Thursday, September 17, 2009

So, first-time home buyers, do you feel lucky?

The White House is kicking around the idea of extending deadlines for this year's $8,000 tax credit for first-time home buyers. About 1.4 million home buyers already have applied for the credits, which essentially are super-sized tax refunds, the Internal Revenue Service said Thursday.

No big surprise there. The idea has been kicking around since Cash for Clunkers arced through the economy this summer. Bankers, builders and Realtors are all for it; they're sweating the recession too. And U.S. Sen. Johnny Isakson, a Georgia Republican and one of more than a dozen lawmakers proposing their own extension plans, wants to sweeten the deal by nearly doubling the credit, to $15,000. However, that may be tough to sell to deficit hawks, Bloomberg News' Dawn Kopecki reports.

But this leaves first-time home buyers - anyone who hasn't owned a home in the last three years - with an $8,000 wager to consider. Do you hustle now to catch a tax break you know is on the table? Or do you wait to get maybe either the same deal or an almost twice better tax break next year, or maybe nothing at all if the credit runs out?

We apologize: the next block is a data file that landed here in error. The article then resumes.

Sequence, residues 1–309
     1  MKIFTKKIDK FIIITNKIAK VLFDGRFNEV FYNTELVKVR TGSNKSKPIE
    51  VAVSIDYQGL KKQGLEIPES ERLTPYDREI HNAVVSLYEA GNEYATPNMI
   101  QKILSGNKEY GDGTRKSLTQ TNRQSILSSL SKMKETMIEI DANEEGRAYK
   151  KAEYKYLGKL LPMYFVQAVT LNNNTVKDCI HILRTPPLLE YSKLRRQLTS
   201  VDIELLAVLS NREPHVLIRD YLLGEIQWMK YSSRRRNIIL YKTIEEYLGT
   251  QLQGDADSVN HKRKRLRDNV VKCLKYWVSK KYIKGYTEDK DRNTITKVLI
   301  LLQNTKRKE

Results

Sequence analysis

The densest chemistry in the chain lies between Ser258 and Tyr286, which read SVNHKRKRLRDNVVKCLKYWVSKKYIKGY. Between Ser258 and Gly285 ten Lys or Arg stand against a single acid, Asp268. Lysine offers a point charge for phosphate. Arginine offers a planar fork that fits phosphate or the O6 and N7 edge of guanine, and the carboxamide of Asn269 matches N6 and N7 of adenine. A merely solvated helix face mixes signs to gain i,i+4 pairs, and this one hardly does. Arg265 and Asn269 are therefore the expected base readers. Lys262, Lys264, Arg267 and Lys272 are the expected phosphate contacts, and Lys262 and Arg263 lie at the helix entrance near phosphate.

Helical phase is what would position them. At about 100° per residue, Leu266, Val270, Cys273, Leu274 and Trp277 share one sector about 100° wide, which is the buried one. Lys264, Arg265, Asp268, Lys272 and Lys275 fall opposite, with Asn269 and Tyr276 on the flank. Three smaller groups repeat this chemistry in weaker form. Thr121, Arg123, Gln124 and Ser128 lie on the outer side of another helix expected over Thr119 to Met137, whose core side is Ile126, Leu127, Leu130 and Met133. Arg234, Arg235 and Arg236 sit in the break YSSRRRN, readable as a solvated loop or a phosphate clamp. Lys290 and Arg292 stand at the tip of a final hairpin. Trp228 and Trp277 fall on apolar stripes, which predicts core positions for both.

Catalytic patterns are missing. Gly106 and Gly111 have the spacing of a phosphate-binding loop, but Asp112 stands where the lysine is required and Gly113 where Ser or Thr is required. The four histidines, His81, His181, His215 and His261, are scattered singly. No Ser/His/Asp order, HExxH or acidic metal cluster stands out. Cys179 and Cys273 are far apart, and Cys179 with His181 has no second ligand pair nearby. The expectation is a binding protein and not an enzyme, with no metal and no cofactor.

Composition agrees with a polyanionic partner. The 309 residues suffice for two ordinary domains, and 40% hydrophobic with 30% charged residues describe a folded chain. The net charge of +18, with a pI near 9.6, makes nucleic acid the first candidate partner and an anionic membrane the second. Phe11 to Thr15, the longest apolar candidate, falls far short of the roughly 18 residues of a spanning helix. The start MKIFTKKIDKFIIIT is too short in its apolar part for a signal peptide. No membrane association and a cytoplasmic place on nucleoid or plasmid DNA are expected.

There isn't much time to decide either. Taking the most conservative bet, and grabbing the tax break that's on the table now, requires closing the deal by Dec. 1. That's a daunting process for first timers, as outlined here by It's no picnic for those of us who've done it before either.

It's not a quick process either. Under ideal circumstances, buyers can close on their new homes in as little as two weeks after they reach an agreement with sellers, writes's Elizabeth Weintraub. But nearer 30 days is more common and it may take longer.

Count on longer. Tighter lending practices and recession-thinned financial services backshops are stretching the closing process to nearer two months in some places, reports The Wall Street Journal's Amy Hoag. You may want to aim for no later than the last week before Thanksgiving to be sure you don't miss out. Thirty day closings are still happening in the Kansas City area, where I live, but plan on 45 days just to be safe, suggests the Kansas City Regional Association of Realtors.

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